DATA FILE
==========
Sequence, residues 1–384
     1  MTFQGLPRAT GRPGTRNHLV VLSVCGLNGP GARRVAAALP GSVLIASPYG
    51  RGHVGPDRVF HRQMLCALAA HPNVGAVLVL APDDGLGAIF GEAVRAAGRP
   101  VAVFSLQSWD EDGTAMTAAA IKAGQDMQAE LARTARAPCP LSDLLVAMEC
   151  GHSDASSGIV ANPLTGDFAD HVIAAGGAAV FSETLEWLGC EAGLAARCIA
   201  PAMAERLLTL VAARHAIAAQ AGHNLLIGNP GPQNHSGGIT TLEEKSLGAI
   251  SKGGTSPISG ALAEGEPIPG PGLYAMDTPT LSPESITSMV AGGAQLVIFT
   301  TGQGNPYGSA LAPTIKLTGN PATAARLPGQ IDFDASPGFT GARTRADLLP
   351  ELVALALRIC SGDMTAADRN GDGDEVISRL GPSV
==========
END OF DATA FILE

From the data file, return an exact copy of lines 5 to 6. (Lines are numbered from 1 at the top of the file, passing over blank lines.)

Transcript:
   151  GHSDASSGIV ANPLTGDFAD HVIAAGGAAV FSETLEWLGC EAGLAARCIA
   201  PAMAERLLTL VAARHAIAAQ AGHNLLIGNP GPQNHSGGIT TLEEKSLGAI